According to Channel News Australia, Samsung is to undergo a “radical brand makeover” at the start of next year. Far from being “radical”, we would argue that the Korean giant has been slowly drifting away from their corporate blueness to something a little more colourful and exciting for quite a while. In this article, we take a look at some of the key points in the company’s journey from meagre-blue to mega-brand in the mobile industry. More importantly, perhaps, we express our fears that the company may use its new clout and brand power to push substandard devices onto less-aware consumers rather than continue to provide quality and innovation.
Just to note- this isn’t some rags to riches story. We are well aware that Samsung is an enormous company with an enormous marketing budget. We’re really just looking at the reasons why we think people are buying their devices and how they have developed as a brand. We are also aware that Samsung doesn’t just make mobile phones – but as that is the area which has seen the most growth in the past two years, that is what we will talk about.
Blue and Boring: MWC 2011 – Galaxy S2 Launch
Let’s go back a couple of years to MWC 2011. Look, for example, the likes of the Android booth (below). It encapsulates the Android and Google’s brands. A place full of fun and excitement, freebies and happy, enthusiastic people. There’s even a slide… this. is. awesome. There can be no doubts that this was one of the most exciting places to be.
Google literally stole the show at MWC with their Android Booth and Pin campaign. Any OEM who dealt with Android was given their own little set of Android Pins which people could collect as they went from stand to stand. The whole place went bonkers for pins. Walking around MWC, I was hassled for pins constantly and at one point offered a ridiculous sum of €100 for the [supposedly rare] golden Android pin. In retrospect, I should have taken them money!
This is the type of marketing that every company wishes for – marketing which essentially does itself, and it’s something which Samsung didn’t really have at the time, but we will see them emulating successfully over the next couple of years.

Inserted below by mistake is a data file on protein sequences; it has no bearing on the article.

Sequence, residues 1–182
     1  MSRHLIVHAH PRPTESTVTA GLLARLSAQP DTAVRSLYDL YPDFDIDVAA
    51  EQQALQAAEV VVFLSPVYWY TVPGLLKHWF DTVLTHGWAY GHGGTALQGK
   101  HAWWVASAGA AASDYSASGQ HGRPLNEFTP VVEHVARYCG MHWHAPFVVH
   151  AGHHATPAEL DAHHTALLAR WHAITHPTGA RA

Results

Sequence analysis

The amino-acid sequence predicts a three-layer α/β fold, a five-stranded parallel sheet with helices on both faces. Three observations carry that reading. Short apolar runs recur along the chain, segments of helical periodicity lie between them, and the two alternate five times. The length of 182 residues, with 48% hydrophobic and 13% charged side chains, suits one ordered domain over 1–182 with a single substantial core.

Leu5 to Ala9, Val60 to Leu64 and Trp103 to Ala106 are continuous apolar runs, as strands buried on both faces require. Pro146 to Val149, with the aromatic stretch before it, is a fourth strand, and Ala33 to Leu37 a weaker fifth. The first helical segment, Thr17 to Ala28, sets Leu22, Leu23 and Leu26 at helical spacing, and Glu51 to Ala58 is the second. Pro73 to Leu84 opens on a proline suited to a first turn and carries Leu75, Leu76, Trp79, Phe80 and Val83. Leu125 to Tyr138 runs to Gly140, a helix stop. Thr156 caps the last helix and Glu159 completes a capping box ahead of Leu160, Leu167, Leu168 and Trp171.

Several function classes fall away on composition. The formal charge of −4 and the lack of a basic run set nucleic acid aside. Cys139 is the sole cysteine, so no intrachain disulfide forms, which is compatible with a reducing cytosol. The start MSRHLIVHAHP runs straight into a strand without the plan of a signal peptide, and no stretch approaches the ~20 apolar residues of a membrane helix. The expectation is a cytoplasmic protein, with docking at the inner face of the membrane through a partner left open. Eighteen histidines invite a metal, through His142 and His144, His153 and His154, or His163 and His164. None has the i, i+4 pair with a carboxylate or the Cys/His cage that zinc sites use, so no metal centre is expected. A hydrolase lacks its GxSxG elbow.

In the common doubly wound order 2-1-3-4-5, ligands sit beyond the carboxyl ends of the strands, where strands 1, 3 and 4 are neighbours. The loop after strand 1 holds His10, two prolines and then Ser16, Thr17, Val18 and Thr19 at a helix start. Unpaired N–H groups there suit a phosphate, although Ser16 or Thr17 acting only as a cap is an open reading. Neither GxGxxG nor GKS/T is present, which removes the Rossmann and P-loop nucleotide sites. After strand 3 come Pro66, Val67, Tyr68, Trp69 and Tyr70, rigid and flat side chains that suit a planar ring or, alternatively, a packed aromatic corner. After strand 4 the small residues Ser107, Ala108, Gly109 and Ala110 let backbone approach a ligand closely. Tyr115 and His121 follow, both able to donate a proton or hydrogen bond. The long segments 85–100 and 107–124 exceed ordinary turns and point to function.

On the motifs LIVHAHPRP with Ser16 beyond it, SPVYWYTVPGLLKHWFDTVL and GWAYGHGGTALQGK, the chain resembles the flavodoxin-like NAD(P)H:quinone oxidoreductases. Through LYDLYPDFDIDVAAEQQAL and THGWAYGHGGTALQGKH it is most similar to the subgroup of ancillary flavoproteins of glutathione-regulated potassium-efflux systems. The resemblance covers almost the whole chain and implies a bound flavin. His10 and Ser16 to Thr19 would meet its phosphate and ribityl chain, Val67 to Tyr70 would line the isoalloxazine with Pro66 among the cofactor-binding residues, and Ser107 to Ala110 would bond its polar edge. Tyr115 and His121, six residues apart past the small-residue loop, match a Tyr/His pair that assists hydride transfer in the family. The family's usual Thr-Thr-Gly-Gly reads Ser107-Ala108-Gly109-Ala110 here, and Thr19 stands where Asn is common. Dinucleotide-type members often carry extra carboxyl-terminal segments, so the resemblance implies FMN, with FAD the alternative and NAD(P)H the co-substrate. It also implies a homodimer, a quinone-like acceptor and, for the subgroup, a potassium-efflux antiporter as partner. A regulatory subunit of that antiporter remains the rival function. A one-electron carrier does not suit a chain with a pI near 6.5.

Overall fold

Samsung’s booth at MWC 2011 had some nice swooshy lines going on the ceiling, but at the time of the Galaxy S2 announcement, a product which launched the company into the forefront of the Android Smartphone world, they were certainly lacking a little something. At this point (and arguably still) it was the quality of product which which led people to purchase Samsung’s devices. The S2 sold so well because it was a marvellous device; not because of a brilliant brand and brand strategy.
Creativity Leaks in: IFA2011 – Galaxy Note Launch
Following on from the Galaxy S2’s success, Samsung announced the Galaxy Note at IFA 2011. We see a bit of creativity thrown in with some friendly artists sketching some charming caricatures for people. It brightens up the atmosphere of the air-hanger-sized booth they have for their TVs and mobile phones. However, everything is quite blue, straight, suited and functional. There’s nothing wrong with this either. People were divided on the Galaxy Note, but once again, Samsung prevailed by having the best hardware on the market – and also fulfilling a category which people felt needed filling. Personally – we think the “Note” category was a bit of a gamble on their part, but one which seems to have paid off.
However – it would have been hard to get as much recognition for the device had the Galaxy S2 not raised the profile of the manufacturer so much. Since the Galaxy S2, they had a reputation for producing the best hardware at a competitive price. Samsung is starting to grow as a brand identity, and is starting to remould itself into something a little more consumer friendly.
Colour, Expression and Engagement: MWC 2012 – Galaxy Note 10.1 Launch
Half a year later, after the relative success of the Galaxy Note and Galaxy Nexus, we see Samsung emerging from its corporate cocoon into a more colourful fledgling brand at MWC 2012. This coincides with the launch of the Galaxy Note 10.1, which, being a tablet, isn’t the strongest product they’ve announced. Walking around the city of Barcelona, we witness bazillions of people queuing up outside Samsung’s Galaxy Note studio to get T-shirts with a caricature of their face on it, badges, pictures – all sorts. The branding is full of colour, pictures and friendliness – Samsung are really pushing the boat out to engage the local community as well as the B2B side of things at the fair. People are not just enjoying the products, but the brand “experience” which Samsung is offering. Of course – handing out free stuff is always going to draw a crowd… but – compared to the Samsung of a year ago this is a BIG difference.
We are starting to see Samsung Mobile creep into the forefront of the mobile brand identities… moseying up up against the likes of Android with their MWC campaign. Even at the booth, things are getting a bit more colourful – with an array of colourful cases on the walls and brighter, more inviting colours than the bland royal blue. In fact, if anything, there’s more orange than blue! People helping out on the stands are equipped not with a rigid dark blue top, black shoes and white trousers as we’ve seen in the past – but ‘fun’ T-Shirts with their own caricature printed on it. The whole affair is much more relaxed, chilled out and cool. More youthful, more vibrant – more identifiable.